Germany, no dreamland for the huddled masses

Germany, no dreamland for the huddled masses
Analysis: Germany receives more asylum applications than anywhere else in the world. But for some refugees, the reality is far from their hopes of safety, says Sibylle Bandler.
4 min read
11 Jun, 2015
Germany received a third of all EU asylum claims last year [Getty]
Germany has become the go-to destination for many asylum seekers, and receives more applications than any other country. But for those who arrive, the daily reality is often far from rosy.

The country has a generous welfare system by EU standards, and is by far the most popular destination for refugees from crisis regions in the Middle East, North Africa and Eastern Europe.

In 2014, asylum claims in the EU reached 626,065, a 44 percent increase on the previous year. The majority are Syrians and one-third of the total came to Germany.

According to the most recent UN data, Germany received more asylum applications than any other country in the world in the first half of last year - 42 percent more than received by the US.

The sharp increase in immigration is pressing German local authorities, both in cities and rural areas, and the influx of strangers is fueling fear, prejudice and right-wing sentiment among an often xenophobic population. It has also led to violence.

A recent example brings back grim memories of the Abu Ghraib prisoner torture by US soldiers in Iraq. Federal police officers in the western city of Hanover bragged on WhatsApp about violently abusing and humiliating Middle Eastern immigrants in their custody.

The brutal treatment of a young Moroccan man was captured on photos. One shows the man handcuffed and curled up in pain on a tiled floor, his upper body and head pressed against the wall by a police officer, and one leg at an odd angle. The tips of a pair of boots can be seen on the upper edge of the photo, suggesting the presence of a second officer.

The text message accompanying the photo read: "That's the Moroccan. I put him out. [The officer in charge] upstairs said he heard him squeal like a pig. After that we gave the bastard rotten pork and made him eat it off the floor."

The Moroccan man had been arrested for travelling without a valid train ticket.

A second officer texted the following message: "I messed him up. An Afghan without [an] entry permit. I stuck my fingers up his nose and strangled him. Was funny.  Dragged him on his leg irons through the precinct. That was so good. Squealed like a pig. A present from Allah."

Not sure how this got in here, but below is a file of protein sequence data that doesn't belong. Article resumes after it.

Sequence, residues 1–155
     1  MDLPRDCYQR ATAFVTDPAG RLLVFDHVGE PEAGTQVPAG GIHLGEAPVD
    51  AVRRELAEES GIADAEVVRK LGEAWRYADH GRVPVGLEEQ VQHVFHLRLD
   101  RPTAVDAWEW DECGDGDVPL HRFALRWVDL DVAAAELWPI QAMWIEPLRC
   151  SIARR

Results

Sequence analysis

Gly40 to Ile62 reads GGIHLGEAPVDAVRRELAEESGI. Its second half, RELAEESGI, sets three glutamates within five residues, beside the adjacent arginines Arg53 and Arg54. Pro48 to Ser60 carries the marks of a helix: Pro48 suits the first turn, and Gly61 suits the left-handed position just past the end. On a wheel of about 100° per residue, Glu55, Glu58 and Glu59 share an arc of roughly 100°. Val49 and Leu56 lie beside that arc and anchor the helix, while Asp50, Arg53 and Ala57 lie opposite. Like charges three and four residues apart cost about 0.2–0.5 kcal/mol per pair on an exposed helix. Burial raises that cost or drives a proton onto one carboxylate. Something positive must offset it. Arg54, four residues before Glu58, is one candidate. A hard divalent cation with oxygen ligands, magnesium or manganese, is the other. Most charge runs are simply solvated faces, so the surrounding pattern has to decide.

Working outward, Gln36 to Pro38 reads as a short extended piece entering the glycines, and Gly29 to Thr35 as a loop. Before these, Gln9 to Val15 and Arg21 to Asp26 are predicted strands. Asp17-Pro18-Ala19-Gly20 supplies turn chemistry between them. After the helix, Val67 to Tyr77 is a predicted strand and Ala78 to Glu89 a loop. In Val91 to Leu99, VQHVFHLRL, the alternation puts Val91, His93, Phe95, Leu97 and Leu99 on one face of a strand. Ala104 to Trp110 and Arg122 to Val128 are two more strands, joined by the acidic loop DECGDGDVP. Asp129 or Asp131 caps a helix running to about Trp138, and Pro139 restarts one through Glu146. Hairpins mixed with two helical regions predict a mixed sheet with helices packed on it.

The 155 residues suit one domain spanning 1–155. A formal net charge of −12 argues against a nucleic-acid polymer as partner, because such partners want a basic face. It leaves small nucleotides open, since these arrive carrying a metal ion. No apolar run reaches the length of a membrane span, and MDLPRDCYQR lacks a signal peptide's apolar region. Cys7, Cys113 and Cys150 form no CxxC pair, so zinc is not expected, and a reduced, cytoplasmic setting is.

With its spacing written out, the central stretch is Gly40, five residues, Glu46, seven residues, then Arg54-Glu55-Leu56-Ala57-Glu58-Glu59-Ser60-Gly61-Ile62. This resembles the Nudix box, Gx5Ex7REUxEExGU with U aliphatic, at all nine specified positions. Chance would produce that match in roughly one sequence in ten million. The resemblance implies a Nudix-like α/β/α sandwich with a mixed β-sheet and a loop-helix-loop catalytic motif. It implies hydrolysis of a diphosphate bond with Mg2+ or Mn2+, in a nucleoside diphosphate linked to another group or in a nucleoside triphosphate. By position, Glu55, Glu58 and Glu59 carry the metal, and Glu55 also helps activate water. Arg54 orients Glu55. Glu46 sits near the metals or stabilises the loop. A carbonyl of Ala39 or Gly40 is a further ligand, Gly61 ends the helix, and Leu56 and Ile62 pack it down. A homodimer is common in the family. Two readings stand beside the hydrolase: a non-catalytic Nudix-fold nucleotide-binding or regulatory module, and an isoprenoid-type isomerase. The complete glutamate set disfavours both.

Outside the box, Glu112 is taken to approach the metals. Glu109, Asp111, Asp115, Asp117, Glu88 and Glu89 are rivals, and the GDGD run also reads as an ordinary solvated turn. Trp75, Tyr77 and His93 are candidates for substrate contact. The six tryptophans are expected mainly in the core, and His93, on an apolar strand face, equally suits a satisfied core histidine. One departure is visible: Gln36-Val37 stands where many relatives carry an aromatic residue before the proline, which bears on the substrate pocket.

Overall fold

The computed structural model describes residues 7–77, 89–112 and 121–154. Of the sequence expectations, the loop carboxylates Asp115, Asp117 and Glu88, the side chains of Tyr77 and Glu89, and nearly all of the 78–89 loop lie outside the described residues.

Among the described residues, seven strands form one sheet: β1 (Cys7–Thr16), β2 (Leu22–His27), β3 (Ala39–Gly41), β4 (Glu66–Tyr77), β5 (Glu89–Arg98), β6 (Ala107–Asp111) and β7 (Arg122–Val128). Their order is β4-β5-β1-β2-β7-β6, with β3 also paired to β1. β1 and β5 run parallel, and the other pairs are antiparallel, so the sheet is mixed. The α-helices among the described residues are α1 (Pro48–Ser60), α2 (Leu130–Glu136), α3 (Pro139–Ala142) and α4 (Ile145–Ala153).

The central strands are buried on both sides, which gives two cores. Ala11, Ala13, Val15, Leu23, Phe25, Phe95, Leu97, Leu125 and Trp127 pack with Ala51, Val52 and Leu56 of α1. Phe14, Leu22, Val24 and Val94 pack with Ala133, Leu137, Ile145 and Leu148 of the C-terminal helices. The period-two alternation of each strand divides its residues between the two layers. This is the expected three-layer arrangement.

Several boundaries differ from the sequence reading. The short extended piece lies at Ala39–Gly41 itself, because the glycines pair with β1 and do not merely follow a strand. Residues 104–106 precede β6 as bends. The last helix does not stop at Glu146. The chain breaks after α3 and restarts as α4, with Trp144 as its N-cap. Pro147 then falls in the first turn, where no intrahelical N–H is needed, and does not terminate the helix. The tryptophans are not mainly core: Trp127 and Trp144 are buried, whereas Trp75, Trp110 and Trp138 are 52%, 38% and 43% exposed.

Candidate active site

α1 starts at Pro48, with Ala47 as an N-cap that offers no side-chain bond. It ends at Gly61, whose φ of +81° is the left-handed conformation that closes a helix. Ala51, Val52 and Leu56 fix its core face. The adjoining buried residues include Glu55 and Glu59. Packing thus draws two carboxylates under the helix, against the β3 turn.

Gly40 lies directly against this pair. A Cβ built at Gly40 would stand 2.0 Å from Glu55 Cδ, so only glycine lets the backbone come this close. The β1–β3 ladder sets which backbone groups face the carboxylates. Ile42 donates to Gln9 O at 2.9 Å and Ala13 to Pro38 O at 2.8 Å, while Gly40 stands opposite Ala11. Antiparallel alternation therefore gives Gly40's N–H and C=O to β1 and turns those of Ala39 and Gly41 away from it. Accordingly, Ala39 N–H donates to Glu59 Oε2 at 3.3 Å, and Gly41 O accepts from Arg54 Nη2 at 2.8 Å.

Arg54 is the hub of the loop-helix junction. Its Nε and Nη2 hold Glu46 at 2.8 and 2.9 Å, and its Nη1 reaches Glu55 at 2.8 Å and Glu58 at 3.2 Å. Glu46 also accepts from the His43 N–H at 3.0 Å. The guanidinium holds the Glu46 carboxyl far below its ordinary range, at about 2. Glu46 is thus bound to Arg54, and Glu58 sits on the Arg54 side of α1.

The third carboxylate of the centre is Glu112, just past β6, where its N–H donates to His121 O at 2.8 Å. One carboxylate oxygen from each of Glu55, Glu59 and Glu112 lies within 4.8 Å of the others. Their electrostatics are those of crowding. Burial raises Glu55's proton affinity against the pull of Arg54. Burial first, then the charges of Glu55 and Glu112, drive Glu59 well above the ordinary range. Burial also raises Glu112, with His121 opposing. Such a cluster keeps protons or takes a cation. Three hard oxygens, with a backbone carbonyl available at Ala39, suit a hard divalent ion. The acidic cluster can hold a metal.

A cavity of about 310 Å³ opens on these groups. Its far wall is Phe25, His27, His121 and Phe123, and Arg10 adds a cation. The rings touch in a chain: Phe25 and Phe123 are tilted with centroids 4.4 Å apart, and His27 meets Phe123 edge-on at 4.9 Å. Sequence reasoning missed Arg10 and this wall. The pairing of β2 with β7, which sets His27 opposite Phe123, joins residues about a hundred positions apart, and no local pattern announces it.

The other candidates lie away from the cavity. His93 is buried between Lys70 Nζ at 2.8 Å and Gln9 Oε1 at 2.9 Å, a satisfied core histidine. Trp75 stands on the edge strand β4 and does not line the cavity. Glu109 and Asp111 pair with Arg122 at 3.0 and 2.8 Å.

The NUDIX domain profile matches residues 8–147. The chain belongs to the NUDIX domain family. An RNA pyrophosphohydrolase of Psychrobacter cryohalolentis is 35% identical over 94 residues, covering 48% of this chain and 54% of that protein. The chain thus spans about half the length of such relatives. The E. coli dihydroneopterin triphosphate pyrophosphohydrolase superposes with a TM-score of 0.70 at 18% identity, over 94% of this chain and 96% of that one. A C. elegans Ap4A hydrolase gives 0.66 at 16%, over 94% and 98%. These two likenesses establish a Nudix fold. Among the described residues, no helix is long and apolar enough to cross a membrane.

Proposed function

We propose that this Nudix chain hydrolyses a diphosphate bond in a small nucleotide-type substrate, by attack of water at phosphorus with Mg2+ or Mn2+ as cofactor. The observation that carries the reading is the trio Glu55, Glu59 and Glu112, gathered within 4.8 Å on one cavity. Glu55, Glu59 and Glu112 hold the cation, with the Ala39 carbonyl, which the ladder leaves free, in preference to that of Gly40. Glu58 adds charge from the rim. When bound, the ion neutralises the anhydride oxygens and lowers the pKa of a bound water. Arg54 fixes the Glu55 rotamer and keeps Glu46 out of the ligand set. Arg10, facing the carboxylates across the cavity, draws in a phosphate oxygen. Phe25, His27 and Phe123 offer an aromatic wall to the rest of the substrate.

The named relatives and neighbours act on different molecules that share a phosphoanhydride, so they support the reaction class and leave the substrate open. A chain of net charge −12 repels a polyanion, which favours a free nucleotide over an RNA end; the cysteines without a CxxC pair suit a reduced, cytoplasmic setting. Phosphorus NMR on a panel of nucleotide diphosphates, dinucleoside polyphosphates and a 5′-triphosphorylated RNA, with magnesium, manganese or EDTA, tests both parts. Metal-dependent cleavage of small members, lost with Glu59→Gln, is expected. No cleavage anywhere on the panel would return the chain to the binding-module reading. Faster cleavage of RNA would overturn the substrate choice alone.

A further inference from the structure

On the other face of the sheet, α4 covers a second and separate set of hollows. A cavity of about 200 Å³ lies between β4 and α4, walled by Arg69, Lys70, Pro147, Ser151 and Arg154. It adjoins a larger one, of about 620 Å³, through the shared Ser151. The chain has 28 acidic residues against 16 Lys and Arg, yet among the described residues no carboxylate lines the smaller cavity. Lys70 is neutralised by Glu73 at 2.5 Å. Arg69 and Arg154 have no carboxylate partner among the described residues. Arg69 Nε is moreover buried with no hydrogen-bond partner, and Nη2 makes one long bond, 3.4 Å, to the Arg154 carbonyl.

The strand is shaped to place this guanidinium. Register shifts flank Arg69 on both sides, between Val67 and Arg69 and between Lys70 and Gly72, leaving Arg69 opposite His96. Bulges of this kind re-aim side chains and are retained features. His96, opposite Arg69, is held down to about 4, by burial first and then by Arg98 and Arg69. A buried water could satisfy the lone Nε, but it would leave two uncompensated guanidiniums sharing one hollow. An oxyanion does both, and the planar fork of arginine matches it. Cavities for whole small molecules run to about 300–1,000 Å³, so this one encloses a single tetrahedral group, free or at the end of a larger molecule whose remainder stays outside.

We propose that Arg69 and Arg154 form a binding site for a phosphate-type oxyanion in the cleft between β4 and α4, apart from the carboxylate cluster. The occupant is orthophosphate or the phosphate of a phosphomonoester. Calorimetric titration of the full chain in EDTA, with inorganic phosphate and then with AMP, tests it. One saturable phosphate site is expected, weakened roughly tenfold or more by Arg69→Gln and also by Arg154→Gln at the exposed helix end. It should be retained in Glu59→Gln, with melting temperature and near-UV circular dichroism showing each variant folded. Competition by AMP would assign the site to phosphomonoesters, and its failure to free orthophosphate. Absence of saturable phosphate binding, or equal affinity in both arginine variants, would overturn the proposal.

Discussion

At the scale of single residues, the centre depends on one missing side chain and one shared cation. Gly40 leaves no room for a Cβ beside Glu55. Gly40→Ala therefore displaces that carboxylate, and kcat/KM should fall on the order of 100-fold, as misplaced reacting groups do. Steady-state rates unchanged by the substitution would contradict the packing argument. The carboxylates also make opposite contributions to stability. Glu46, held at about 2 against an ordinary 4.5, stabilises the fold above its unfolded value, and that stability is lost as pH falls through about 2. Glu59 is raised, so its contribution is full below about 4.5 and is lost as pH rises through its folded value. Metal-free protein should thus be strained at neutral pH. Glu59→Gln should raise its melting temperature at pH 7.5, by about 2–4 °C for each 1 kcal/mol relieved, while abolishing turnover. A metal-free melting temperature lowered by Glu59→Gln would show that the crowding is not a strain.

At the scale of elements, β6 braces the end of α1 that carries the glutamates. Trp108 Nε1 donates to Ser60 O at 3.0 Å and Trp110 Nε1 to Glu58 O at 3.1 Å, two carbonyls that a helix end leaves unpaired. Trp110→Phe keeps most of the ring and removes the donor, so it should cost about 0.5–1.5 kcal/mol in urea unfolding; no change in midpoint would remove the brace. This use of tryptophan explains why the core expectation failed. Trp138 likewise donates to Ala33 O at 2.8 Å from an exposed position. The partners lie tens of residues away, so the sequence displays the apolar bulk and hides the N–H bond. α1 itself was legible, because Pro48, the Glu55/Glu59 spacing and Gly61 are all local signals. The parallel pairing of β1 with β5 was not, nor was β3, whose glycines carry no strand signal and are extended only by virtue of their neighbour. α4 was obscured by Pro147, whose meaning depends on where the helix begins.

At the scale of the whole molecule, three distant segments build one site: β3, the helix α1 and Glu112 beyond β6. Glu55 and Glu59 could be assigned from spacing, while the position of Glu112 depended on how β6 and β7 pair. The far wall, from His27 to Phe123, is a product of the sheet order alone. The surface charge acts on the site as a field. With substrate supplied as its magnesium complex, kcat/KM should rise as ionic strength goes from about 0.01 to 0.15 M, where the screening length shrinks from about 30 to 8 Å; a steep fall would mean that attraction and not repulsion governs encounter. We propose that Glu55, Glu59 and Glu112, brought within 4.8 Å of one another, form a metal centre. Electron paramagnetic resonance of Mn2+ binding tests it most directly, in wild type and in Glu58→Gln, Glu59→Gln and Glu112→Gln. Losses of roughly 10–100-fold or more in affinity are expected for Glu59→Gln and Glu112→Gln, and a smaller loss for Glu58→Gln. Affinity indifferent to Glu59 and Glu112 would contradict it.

The Afghan man had been arrested for not carrying an ID card.

These are not isolated incidents of what ProAsylum called "appalling racism and human rights violations". A police officer, speaking anonymously, told the German broadcaster NDR of another abuse case involving the same 39-year-old Hanover police officer.  Prosecutors are investigating who at the precinct was aware of or even participated in the attacks.

Earlier this year an African man reported that he was arrested by police in Dortmund, brought to the precinct in handcuffs and beaten repeatedly. In November 2014, Berlin newspaper Tageszeitung reported a refugee had been kept naked and tied up in a police cell for hours after being arrested.

And in September last year, security personnel at a shelter for asylum-seekers in Burbach, North Rhine-Westphalia, were accused of systematically abusing the very people they were meant to protect. Prosecutors are currently investigation about 50 staff who worked at the shelter.

While these cases may not be sufficient to make the claim that German authorities systematically mistreat immigrants and refugees, advocacy groups claim that practices such as racial profiling - the arrest of individuals based on their physical appearance - are widespread and an indication of institutional racism.

Worse yet, these incidents merely represent the tip of anti-immigration sentiment growing among Germans. Late last year saw huge demonstrations mostly in eastern cities against the "islamisation of Europe", calling for stricter immigration rules, in particular for Muslims.  However, counter demonstrations gained the upper hand in the first half of this year, and the leader of the "Patriotic Europeans Against the Islamisation of the West" (Pegida) movement resigned.

Germany's rural regions and smaller towns most often carry the brunt of the influx in migrants and the backlash there is often underreported. However, in May a nightclub in Ingolstadt, a small town in the conservative southern state of Bavaria, captured the headlines when it imposed an outright ban on immigrants.

The owner claimed that asylum-seekers from a nearby shelter had harassed female guests, stolen coats and tried to get free drinks.

In an interview with Germany's largest national daily Suddeutsche Zeitung the owner made no attempt to conceal his decision as anything but racist. "Blacks have a problem with women and Arabs have a problem with aggression," he told the paper.

While German law permits private business owners to ban anyone they please from their premises, refugee advocates quickly pointed out that the nightclub violated German laws on equality, which prohibit any form of discrimination based on race, ethnicity, gender, religion or sexual orientation.

Yet Ingolstadt's local authority managed to find a way to pour fuel onto fire. In an ill-conceived attempt to mediate the situation, it proposed to hand out fliers to asylum seekers with detailed instructions on "how to behave in German nightclubs".